Day 2 :
National Cancer Institute, USA
Keynote: Accidental Discoveries on Systematic Studies of Tumorigenesis and Angiogenesis: Perspectives for Prevention and Therapy of Antigen (Virus)-Causing Cancers.
Time : 9:30-10:15
Mahin Khatami received her PhD in Molecular Biology from Univ. PA (1980). She was a research faculty at Univ. PA, involved in cell biology of diabetes complications and ocular inflammatory diseases. In 1998, at NCI/NIH extension of her discoveries and efforts to promote role of inflammation in cancer research met with serious opposition. Currently, topic of inflammation in cancer research and therapy is the focus of numerous funded projects. She authored over 100 articles, book chapters and proceedings. She has lectured internationally; was President/VP- GWIS; member of scientific and editorial organizations. In 2012, she edited 2 books on inflammatory diseases, aging, cancer and therapies.
Factors responsible for extremely slow progress in cancer research and failed therapies include absence of systematic studies on multistep tumorigenesis and ongoing controversies and misunderstanding on the roles that inflammation play in carcinogenesis and angiogenesis. In 1980’s our experimental models of acute and chronic ocular inflammatory diseases resulted in tumorigenesis and angiogenesis. Recent analyses of original data became ‘accidental’ discoveries on systematic identification of time-course kinetics of interaction and synergies between host immune cells (e.g., mast, goblet and B cells) and recruiting cells (e.g., eosinophils, macrophages) during acute, intermediate and chronic phases of inflammatory responses and induction of hyperplasia of conjunctival-associated lymphoid tissues. Results are the first systematic studies on sequential alterations of immunity toward tissue growth. Acute inflammation was defined as balance between two biologically opposing arms (Yin-Yang) of immune and non-immune (e.g., vasculature, neurodegenerative and metabolic) responses. Chronic inflammation or loss of balance in Yin and Yang of immunity was hypothesized as common link in genesis of all age-associated chronic diseases or cancer. Future efforts to promote immunity should include systematic understanding of host-pathogen interactions in susceptible tissues. Outcomes are expected to hold real promises in understanding how cancer cells become threat to body and how translate cancer biology into cost-effective drug designs and clinical trials.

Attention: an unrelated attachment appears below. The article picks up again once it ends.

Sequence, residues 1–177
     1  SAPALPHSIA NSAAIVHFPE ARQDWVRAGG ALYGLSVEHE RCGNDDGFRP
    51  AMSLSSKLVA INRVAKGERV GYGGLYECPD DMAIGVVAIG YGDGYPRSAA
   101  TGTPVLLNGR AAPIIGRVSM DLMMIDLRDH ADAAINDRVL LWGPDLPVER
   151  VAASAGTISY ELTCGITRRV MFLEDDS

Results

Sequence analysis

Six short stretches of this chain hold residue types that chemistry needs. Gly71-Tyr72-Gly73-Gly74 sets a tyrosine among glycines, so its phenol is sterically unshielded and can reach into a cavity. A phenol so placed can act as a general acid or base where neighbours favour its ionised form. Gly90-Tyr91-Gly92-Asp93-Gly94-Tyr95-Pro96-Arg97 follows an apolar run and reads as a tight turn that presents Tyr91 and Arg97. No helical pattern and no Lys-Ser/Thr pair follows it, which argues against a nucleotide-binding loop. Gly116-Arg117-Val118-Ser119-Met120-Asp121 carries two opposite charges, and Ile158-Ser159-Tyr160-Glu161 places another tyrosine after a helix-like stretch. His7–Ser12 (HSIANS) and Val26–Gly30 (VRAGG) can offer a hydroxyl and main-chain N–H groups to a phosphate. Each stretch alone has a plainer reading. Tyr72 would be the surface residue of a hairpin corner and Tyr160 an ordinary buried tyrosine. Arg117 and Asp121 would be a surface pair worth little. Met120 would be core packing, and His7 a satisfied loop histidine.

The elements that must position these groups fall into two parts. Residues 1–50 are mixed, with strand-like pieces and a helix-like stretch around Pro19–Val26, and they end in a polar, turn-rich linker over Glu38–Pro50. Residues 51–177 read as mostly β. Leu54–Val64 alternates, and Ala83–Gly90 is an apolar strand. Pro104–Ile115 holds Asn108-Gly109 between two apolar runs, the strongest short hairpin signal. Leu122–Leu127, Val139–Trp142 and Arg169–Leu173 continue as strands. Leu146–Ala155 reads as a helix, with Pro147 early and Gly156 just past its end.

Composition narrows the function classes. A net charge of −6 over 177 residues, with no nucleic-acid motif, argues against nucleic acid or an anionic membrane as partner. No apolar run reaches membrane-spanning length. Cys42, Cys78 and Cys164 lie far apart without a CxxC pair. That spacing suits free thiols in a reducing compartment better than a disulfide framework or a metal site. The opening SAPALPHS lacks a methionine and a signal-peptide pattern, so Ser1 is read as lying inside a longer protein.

Umm Al-Qura University, Saudi Arabia
Amr Mohamed Abdel Fattah Mohamed has completed his PhD at the age of 35 years from University of Nebraska Medical Center, USA at 2004. He worked as\r\nassociate professor of molecular diagnostics of infectious diseases at School of veterinary medicine, Assiut University, Egypt. Currently he is a full time professor\r\nof Laboratory Medicine at Umm Al-Qura University, Saudi Arabia. He is the director of Molecular Diagnostic Research Laboratory at the Central Laboratories of\r\nCollage of Applied Medical Sciences, Umm Al-Qura University. He has published more than 20 papers in reputed journals and has been serving as an editorial board member of many reputed Journals
Tuberculosis (TB), the second highest cause of death from infectious diseases worldwide, is a major global health problem.Infection with strains of Mycobacterium tuberculosis complex (MTBC), the causative agent of TB, is responsible for approximately 1.4 million deaths annually. TB remains a major cause of morbidity and mortality throughout the world with major challenges facing the global effort for controlling the disease. One of the major challenges is the worldwide emergence of drug resistant strains of MTB. The greatest challenge that still facing TB-patient is that the organisms, through selection of mycobacterial mutants that result from spontaneous chromosomal alterations, become resistant to one or more of the\r\nstandard anti-TB drugs. The efforts for TB control and treatment were critically hindered by the emergence of multidrugresistance.Multidrug-resistance (MDR) is defined as the resistance of the bacillary strains to at least isoniazid (INH) and rifampicin (RMP), the two key first-line anti-tuberculosis drugs. Nevertheless, MDR-TB is not incurable, a fluoroquinolone [e.g. levofloxacin (Lfx), moxifloxacin (Mfx), ofloxacin (Ofx)], if used properly alongside other second-line injectable drugs [e.g. capreomycin (Cm), amikacin (Am) or kanamycin (Km)] could cure the majority of MDR-TB patients; with a low risk of relapse in long-term follow up. However, the challenge became even worse by the recent emergence of the extensively drugresistant (XDR) bacillary strains. The term XDR-TB used to describe a severe form of disease,which is a case of MDR-TB with additional bacillary resistance to any of the fluoroquinolone and at least one of three second-line injectable drugs: Cm, Km and Am. Recently, the WHO estimated 650.000 cases (including 150,000 deaths) of MDR-TB with an estimated XDR-TB rate of 9% in 2010. The emergence of multidrug-resistant tuberculosis (MDR-TB), due to clinical, biological, or social factors, is now estimated to account for half a million new cases each year. The treatment of MDR-TB requires prolonged and expensive chemotherapy using second-line drugs of heightened toxicity. WHO have recently reported the highest global levels of drug\r\nresistance ever documented with 3.6% of new TB patients and 20% of previously treated cases having MDR-TB. With regard to XDR-TB, WHO in its 2011 report estimated 650.000 cases (including 150,000 deaths) of MDR-TB with an estimated XDR-TB\r\nrate of 9% in 2010. More recently, The WHO report of 2013 revealed that 92 countries had reported XDR-TB globally by the end of 2012. In conclusion, the worldwide emergence of MDR or XDR strains of MTBC pose a serious challenge for global TB control and make successful treatment difficult or even impossible. The aim of the current talk is to through the light on\r\nthe most recent WHO figures and to discuss the current methods and tools for diagnosis and treatment of tuberculosis and to elaborate the recommended preventive measurements for successful control of the global drug resistant tuberculosis.